The Unearth series of pictures were taken from the air above the industrial harbour of Rotterdam. I have always been drawn to photographing industrial and disused locations, including secret tunnels under London, a nuclear submarine base in Crimea and a radio telescope in Latvia. However, nothing prepared me for the incredible raw patterns of the oil refineries and piles of ore deposits in Rotterdam.
‘Graphic form has always been a driving aspect of my work. I am always in pursuit of simplification, minimal lines and negative space.’
Shooting from a small plane with the door removed and circling in hard turns above the smoke pipes, I felt like I was literally hanging in the sky, looking directly down onto what we have unearthed from nature.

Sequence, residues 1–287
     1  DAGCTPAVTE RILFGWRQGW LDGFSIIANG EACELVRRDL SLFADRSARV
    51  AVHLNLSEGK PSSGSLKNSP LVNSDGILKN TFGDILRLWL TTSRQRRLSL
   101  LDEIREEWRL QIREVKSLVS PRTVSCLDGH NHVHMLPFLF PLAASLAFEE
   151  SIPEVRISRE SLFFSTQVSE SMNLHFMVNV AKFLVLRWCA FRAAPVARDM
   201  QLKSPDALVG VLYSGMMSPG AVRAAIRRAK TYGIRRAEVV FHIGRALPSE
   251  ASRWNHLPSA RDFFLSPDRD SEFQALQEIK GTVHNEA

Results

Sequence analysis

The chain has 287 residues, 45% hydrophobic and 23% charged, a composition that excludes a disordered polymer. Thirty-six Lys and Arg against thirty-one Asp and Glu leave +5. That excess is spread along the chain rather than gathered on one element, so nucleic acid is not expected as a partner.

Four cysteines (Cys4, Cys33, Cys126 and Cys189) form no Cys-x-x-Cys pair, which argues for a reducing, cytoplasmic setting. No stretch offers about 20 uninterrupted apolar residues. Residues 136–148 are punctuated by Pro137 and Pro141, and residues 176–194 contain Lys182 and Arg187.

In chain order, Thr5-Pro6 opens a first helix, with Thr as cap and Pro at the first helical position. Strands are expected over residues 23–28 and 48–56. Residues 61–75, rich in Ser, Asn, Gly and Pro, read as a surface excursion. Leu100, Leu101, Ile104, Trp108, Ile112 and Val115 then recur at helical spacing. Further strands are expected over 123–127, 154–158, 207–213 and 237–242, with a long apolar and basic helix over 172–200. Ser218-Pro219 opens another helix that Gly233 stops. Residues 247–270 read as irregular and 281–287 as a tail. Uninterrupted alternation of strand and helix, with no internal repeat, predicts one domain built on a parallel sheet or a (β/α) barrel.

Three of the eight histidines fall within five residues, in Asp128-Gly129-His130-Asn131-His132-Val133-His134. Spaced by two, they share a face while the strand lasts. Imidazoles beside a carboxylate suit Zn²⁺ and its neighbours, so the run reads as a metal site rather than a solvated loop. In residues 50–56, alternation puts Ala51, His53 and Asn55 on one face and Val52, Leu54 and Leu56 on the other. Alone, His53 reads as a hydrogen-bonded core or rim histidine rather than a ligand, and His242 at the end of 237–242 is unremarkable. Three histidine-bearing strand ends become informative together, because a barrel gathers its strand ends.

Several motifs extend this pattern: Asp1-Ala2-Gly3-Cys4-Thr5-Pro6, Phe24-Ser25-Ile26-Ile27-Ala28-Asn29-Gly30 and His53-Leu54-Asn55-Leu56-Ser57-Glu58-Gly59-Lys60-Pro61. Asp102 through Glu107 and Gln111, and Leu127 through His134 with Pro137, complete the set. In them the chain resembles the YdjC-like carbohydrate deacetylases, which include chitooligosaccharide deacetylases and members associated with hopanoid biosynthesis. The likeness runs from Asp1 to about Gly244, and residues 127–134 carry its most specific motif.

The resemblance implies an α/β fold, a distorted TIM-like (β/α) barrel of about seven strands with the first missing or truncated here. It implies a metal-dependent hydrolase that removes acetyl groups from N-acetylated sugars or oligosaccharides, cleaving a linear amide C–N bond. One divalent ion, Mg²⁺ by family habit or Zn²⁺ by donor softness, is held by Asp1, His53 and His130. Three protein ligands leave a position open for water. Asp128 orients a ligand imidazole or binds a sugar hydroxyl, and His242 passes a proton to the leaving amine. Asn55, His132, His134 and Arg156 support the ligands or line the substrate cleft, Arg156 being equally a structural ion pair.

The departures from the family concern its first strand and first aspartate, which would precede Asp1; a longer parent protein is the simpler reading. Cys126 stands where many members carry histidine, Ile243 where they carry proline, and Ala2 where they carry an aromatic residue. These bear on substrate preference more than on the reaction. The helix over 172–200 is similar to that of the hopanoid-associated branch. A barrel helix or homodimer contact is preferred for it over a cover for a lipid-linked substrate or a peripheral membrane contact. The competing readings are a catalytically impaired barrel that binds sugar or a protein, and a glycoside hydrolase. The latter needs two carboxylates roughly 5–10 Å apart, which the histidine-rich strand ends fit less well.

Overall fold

‘Technically my priority is to create images that are not flat - a challenge when shooting aerials.’
Graphic form has always been a driving aspect of my work. Technically my priority is to create images that are not flat – a challenge when shooting aerials.
‘Whenever possible I like to shoot in pairs or as a triptych. Unearth gave me the opportunity to set up a grid like series.’
My father worked as an oil engineer, so in many respects I have been brought up with a connection to these areas. I’m fascinated by the complexities of the refinery; the intricate details of the pipes and switches.
This was set directly alongside the endless piles of crude ore, like an example not only of our ingenuity, but also the undeniable cost to the environment.
Brendan Austin is a photographer based in London.